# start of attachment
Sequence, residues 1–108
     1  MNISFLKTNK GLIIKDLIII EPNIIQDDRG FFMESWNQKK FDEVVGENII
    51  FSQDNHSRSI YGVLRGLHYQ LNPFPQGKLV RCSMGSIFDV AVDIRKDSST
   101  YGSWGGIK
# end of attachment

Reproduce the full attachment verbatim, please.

Sequence, residues 1–108
     1  MNISFLKTNK GLIIKDLIII EPNIIQDDRG FFMESWNQKK FDEVVGENII
    51  FSQDNHSRSI YGVLRGLHYQ LNPFPQGKLV RCSMGSIFDV AVDIRKDSST
   101  YGSWGGIK